Secrets of Life and Death: Women and the Mafia.
A professor of sociology at the University of Calabria in Italy, Siebert draws on feminist theory, European leftist critiques and the urgent activist politics of a women's anti-mafia movement in Italy to re-evaluate the masculine romance of Italian crime. The testimony of female survivors, organizers and politicians provides a vital counter-narrative to the tradition of mafia terror, helping Siebert to explore a resistance catalyzed by mourning and to illuminate the power of witnessing as it interrupts the daily forms of acquiescence that terror depends on.
As Rosa Giaccone, widowed by mafia violence, observes, grief leads either to more death or to new life. Addicted to tranquilizers following her husband's murder, she determined "either I do away with myself or I make a new start. So I decided to live and to fight. I washed my face and braced myself and went out to do battle."
Secrets of Life and Death proposes that the masculine mystique of mafia hierarchy and ritual purposely limits scrutiny of a criminal terrorism lodged in the most basic unit of society, the family. It analyzes the centrality of masculinity, homophobia and misogyny to mafia ideology; the extensive participation of women in mafia crimes; and the feminist organizers who call to account criminals and the state which acquits them. Siebert highlights the many ways gender is deployed to ensure the profits of criminal organizations. If, she argues, the judiciary, the police and "the category of those who kill is made up almost exclusively of men," we must illuminate the lives of "women who connive and are complicit, women who are subordinate and women who rebel."
The foundation for a feminist attack on the mafia is the analysis and acknowledgment of female complicity. Siebert comments that "from the outside it is not easy to imagine in what ways and to what extent the women have knowledge of the bloody and criminal activities of their brothers, husbands, and sons." But, in addition to the criminal acts that can be more effectively hidden by using female perpetrators, mafia rule and the law of omerta depend on the maintenance of a female domestic sphere where criminal men seek refuge from the violent world they create.
Organized crime in southern Italy and Sicily has intimate ties to drug trafficking and racketeering in the United States. These international connections permit Siebert to draw on popular memoirs by Italian American mafiosi to demonstrate that these crimes are justified by a language of patriarchal Italian traditions that has survived transplantation to a different political culture. The bulk of the book, however, explores the specifics of Italian politics and female activism since the murders of judge Cesare Terranova and general prosecutor Gaetano Costa in 1979-1980.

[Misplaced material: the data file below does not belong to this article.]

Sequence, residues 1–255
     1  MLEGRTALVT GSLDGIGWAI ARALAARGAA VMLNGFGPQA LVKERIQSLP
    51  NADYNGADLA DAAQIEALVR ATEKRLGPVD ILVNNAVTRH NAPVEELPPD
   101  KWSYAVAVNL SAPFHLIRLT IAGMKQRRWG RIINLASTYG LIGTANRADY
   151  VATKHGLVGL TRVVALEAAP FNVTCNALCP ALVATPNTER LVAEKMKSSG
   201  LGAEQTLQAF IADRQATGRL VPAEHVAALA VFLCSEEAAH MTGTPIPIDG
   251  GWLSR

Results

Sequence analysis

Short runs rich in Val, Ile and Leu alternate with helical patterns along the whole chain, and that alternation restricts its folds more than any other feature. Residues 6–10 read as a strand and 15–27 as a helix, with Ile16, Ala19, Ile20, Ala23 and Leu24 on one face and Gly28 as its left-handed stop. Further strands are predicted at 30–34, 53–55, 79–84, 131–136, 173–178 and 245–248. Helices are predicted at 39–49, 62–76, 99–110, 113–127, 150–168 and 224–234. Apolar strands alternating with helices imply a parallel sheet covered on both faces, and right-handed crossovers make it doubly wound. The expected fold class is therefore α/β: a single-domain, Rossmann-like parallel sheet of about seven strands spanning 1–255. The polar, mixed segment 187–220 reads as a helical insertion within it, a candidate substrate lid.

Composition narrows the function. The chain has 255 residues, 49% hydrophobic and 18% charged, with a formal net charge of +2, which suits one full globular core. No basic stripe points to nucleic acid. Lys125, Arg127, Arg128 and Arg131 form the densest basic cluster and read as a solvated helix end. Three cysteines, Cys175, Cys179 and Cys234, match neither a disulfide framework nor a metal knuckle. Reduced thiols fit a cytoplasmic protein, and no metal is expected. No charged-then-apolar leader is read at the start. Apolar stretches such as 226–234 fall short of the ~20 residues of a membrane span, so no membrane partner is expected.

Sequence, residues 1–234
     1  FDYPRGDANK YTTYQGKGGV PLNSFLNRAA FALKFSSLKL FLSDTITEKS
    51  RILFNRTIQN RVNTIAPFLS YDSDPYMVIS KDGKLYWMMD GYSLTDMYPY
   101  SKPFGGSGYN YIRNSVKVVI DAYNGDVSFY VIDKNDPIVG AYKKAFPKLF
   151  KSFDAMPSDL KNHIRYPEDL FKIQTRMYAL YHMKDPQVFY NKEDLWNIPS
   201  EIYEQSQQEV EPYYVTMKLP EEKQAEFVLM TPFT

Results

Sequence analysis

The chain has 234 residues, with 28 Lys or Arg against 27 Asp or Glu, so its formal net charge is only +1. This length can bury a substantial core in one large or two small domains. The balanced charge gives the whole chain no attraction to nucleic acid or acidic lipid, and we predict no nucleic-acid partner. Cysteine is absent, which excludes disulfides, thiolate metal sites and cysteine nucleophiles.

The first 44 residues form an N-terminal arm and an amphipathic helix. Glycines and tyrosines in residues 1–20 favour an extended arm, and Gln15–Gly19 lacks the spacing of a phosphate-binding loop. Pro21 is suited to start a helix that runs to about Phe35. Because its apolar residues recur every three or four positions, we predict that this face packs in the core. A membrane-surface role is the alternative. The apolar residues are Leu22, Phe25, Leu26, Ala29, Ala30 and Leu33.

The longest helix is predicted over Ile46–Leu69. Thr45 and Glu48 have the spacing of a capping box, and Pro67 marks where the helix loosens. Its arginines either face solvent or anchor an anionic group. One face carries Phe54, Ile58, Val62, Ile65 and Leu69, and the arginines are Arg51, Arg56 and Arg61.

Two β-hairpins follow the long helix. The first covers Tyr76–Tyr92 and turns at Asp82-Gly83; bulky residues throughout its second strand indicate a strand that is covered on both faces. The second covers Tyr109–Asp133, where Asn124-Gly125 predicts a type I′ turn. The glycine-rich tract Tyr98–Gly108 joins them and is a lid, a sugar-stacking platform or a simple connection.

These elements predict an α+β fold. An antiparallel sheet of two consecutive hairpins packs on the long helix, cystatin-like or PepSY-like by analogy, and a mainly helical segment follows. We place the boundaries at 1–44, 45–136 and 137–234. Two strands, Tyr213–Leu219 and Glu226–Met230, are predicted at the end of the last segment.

Much of this activism was grounded in other Italian political movements, specifically feminism and the anti-Fascist left. In 1980, Communist women, led by the widowed Rita Costa and Giovanna Terranova, spearheaded a women's anti-mafia petition drive that catapulted the Association of Sicilian Women Against the Mafia to national prominence and subsequently galvanized support for female witnesses and plaintiffs in the "maxi-trial" of 475 mafia defendants in 1985-86.
As Hannah Arendt observed in Eichmann in Jerusalem, the activities of modern states can be indistinguishable from those of criminal organizations, particularly in the daily brutalization of individual rights that renders terror "normal." (The connection between the totalitarian potential of organized crime and other right-wing movements has since been explored in Claudia Koonz's 1979 history of German women under National Socialism, Mothers in the Fatherland, and Katherine Blee's 1993 study of female Ku Klux Klan auxiliaries in the United States, Women of the Klan.) Some mafia wives claim that their marriages should not be judged: "Don't I have a right to love a man and follow the law of nature?" Antonia Bargarella demands. Anti-mafia women resist such normalizing rhetoric: one responds, "I might ask her how she has been able to let that slimy hand caress her for so long, how she has allowed him to touch her children." Collaboration with murderers has personal and political significance. "Like totalitarian dictatorships," Siebert argues, "the mafia endows itself with the right over life and death; where mafia 'law' is in force there is capital punishment."